Why do we need social innovation?
What is social innovation?
We define social innovation as the development and implementation of new ideas (products, services and models) to meet social needs. This broad definition encompasses the innovations associated with fields as diverse as fair trade, distance learning, hospices, urban farming, waste reduction and restorative justice. Social innovation can come from individuals, groups and associations, the non-profit sector, the market and the state. The basic distinction between social and other innovations is that production is driven by social values as a primary imperative rather than private financial appropriation.
Intractable social problems
There are a range of problems that existing structures and policies have found it impossible to crack – such as climate change, the world wide epidemic of chronic disease, and widening inequality. These are all issues that cut across the boundaries between the state, the market and the household, between different parts of the state, and between national states themselves. As a result the classic tools of government policy on the one hand, and market solutions on the other, have proved inadequate.
The prospective cost of dealing with these (quite apart from the rising costs of other social issues) threatens to swamp public budgets – and in the case of climate change, or health care in the US, private budgets as well. To take only one instance, if radical policies cannot stem the increase in chronic disease, the cost of healthcare is forecast to rise from 9% to 12.5% of GDP in the UK in 15 years and from 16% to 20% in the US within a decade. As in climate change, pollution control, waste reduction, poverty and welfare programmes, and other fields such as criminal justice or traffic congestion – the most effective policies are preventative. But effective prevention has been notoriously difficult to introduce, in spite of its transparent economic and social benefits. This is a challenge for social innovation. The current recession and impending public spending squeeze have brought these issues into greater focus.
Old institutions are incapable of dealing with new challenges
As in earlier technological and social transformations, there is a disjunction between the structures and institutions formed in a previous period and the requirements of the new. This is as true for the private as for the social economy. New paradigms tend to flourish in areas where the institutions are most open to them, and where the forces of the old are weak. So, for example, there is more innovation around self-management of diseases and public health than around hospitals; more innovation around recycling and energy efficiency than around large scale energy production; more innovation around public participation than in parliaments and assemblies; more innovation around active ageing than around pensions provision. Everywhere innovations give rise to pressures for wider change – to the way the economies are managed, to the supply and housing of appropriate labour, to new infrastructure and sources of energy, to new forms of consumption, and to the organisation and financing of government.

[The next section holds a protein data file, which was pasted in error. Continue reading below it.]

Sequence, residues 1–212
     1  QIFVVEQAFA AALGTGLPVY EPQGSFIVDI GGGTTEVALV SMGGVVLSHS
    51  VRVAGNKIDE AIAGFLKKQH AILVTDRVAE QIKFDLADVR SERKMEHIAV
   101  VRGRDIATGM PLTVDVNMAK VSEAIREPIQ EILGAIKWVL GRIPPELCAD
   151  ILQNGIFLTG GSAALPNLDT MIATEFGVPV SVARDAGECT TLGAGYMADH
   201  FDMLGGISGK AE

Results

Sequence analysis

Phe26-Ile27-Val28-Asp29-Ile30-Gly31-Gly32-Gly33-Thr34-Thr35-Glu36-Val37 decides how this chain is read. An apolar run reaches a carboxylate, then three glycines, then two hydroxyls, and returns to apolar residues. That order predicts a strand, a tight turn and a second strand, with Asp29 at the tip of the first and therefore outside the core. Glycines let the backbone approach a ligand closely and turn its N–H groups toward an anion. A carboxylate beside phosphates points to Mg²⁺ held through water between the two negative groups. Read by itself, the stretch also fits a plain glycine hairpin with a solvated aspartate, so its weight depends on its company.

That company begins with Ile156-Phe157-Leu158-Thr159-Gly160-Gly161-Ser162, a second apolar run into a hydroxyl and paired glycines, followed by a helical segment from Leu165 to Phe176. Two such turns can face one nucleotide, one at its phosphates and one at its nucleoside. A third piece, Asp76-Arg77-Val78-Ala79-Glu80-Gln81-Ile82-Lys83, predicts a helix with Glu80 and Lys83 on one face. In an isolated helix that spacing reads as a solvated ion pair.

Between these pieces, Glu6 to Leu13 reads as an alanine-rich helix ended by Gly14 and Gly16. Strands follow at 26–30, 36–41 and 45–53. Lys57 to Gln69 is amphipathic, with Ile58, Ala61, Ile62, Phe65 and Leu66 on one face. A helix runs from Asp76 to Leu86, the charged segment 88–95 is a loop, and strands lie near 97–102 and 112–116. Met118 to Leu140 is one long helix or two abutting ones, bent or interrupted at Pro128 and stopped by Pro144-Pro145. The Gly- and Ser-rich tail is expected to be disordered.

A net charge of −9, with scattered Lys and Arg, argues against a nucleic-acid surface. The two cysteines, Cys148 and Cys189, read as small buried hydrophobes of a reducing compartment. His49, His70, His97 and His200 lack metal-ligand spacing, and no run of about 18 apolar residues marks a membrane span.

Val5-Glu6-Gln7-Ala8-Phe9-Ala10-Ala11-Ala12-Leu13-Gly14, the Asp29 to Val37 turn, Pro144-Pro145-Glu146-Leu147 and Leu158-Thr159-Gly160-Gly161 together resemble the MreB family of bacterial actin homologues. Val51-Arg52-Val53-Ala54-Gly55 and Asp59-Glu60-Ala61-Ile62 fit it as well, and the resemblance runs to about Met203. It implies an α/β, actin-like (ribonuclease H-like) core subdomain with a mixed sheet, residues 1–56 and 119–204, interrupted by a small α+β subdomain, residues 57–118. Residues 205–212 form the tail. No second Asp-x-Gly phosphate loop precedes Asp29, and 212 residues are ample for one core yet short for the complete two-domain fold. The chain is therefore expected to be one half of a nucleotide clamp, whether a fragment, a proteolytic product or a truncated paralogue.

A new world - the social economy
The early years of the 21st century are witnessing the emergence of a new kind of economy that has profound implications for the future of public services as well as for the daily life of citizens. This emerging economy can be seen in many fields, including the environment, care, education, welfare, food and energy. It combines some old elements and many new ones. We describe it as a ‘social economy’ because it melds features which are very different from economies based on the production and consumption of commodities. Its key features include:
• The intensive use of distributed networks to sustain and manage relationships, helped by broadband, mobile and other means of communication.
• Blurred boundaries between production and consumption.
• An emphasis on collaboration and on repeated interactions, care and maintenance rather than one-off consumption.
• A strong role for values and missions.
This economy can be found in parts of the public sector, the non-profit world as well as commercial markets, though it thrives most in the spaces where the sectors overlap.
This new world is formed around distributed systems as much as centralised structures. It handles complexity not by standardisation and simplification imposed from the centre, but by distributing complexity to the margins – to the local managers and workers on the shop floor, as much as to the consumers themselves. Those at the margins have what central managers can never have – knowledge of specificity - specificity of time, of place, of particular events and in the consumer’s case of need and desire. We enter a world of differentiation and the dissolution of the norm. The micro can now be aggregated to the macro. In place of scale (which is the simple issue) the new concerns are with economies of scope, of information, of flow, and most strikingly of trust.
In factories and workshops we have witnessed over the past twenty years a radical reorientation of the governing principle of production – something like a magnetic reversal – from a push‐through to a pull-through economy. Instead of the focus being on optimising the use of capacity of the mass production line, with a stock of products always in search of an average consumer, the supply and distribution chain has been re-oriented to respond to real time consumer demand, ‘just in time’. This is itself a revolution within a revolution, enabling a whole productive system to meet a differentiated demand.